The Hungarian Constitution was written to ensure freedom of speech as an absolute right (a right that, as the U.S. Constitution says, cannot be abridged), so all parliamentary attempts to limit this right have failed at the hands of the judges of the Constitutional Court. Parliament sought to constrain what we call "hate speech." There were many instances of verbal abuse of minority groups, Gypsies, Jews, or homosexuals, but the Court deemed them legal expressions of free speech. The Constitution is equally liberal when it comes to establishing parties. According to the constitution "political parties may be freely founded and may act in freedom provided they show respect for the Constitution and the statutes of constitutional law." Therefore for the past twenty years or so far-right parties could be freely established.
Last Saturday, April 18, sixty members of the Hungarian Guard, uniforms and all, demonstrated in front of the German Embassy. The Hungarian Guard a few months ago split into two not quite equal factions. The people who took part in the demonstration belong to the smaller splinter group led by István Dósa. Since the group announced its intention to march and demonstrate to the Budapest police, the sixty guardists received a police escort from the Adam Clark Square at the Chain Bridge all the way to the German Embassy in the Castle District. This splinter group openly calls itself national socialist. Banners saying "Down with the Dogma of the Holocaust" and "The Third Reich Will Fight Back" can be seen on the picture below. The guardists wanted to hand their "manifesto" to the Germans inside but, not surprisingly, the staff of the embassy refused to take it.
This Dósa-led group seems very active. Just lately they staged several demonstrations together with the Pax Hungarica Movement, also a neo-nazi organization. See http://www.paxhungarica.org/ The demonstration was staged a day before the annual "March of Life" commemorating the victims of the holocaust. Although I didn't spend much time at their web site, there was one thing that was hard to miss. In Hungarian the March of Life is called "Élet menete," but the "peaceful" Hungarian movement corrected it: "Az élősködők [the parasites'] march." A nice bunch of people in brief. Dósa otherwise is looking forward to any possible legal consequence of his action. No wonder that he is so brief: unlike in Germany or Austria holocaust denial is not a crime.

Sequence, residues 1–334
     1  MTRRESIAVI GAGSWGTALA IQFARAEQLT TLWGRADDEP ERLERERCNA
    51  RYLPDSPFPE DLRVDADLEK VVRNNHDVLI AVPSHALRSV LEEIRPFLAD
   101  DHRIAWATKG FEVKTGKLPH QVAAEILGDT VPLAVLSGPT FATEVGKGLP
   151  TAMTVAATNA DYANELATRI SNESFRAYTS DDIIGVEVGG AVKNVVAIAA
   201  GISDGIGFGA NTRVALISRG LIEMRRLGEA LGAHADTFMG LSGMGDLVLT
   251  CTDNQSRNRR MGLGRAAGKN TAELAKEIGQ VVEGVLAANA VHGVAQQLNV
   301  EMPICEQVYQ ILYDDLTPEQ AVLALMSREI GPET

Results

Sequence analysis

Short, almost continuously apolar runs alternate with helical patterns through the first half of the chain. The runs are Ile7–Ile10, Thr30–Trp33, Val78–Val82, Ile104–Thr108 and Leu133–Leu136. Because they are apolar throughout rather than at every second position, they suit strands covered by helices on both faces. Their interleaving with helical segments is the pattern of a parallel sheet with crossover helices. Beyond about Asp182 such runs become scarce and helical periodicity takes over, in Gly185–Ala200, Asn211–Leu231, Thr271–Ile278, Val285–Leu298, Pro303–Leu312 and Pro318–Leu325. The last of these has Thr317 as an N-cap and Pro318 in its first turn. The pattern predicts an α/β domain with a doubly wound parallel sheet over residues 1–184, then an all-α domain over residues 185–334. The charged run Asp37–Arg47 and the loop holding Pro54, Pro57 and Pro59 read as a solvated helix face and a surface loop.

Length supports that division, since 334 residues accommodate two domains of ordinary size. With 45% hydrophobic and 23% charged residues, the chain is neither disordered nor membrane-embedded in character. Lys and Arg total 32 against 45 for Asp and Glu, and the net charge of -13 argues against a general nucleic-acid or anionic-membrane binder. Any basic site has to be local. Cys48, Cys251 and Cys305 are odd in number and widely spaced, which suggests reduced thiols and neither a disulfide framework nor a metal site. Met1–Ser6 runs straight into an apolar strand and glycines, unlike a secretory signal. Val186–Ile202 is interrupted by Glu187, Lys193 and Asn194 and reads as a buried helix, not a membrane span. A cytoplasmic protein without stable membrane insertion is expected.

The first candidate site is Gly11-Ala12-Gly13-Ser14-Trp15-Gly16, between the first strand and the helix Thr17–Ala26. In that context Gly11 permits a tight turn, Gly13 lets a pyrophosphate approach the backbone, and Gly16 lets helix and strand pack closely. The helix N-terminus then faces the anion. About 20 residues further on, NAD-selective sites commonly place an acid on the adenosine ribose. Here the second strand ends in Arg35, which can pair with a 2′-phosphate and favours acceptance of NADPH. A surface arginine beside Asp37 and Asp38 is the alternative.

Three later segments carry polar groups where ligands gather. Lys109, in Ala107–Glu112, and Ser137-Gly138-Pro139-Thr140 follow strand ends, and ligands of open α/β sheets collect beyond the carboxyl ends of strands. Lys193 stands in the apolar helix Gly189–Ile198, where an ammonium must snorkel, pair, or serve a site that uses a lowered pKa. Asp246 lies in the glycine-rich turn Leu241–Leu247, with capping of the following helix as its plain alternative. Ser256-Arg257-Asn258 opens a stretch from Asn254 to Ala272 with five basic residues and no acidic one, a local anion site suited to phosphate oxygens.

Until now it was mostly MSZP members of parliament who tried to prevent by legal means the spread of hate speech and extreme propaganda against minority groups. SZDSZ in a somewhat doctrinaire manner refused to lend a helping hand to such attempts. The liberal politicians argued that legal restrictions are useless. It is education that will solve the problem. The more enlightened and rational members of society will be able to explain to this minority that they are simply wrong. And they will see the light. I don't want to sound too pessimistic, but I'm afraid that the Hungarian liberals are naive. I suspect that none of them ever sat down with a Hungarian "national socialist" and tried to have a rational dialogue. Just today two people, one a leader of Jobbik and the other a MIÉP sympathizer, phoned in to György Bolgár's show and, although Bolgár tried his darndest to convince them of their mistaken ways, his callers didn't budge an inch from their earlier position.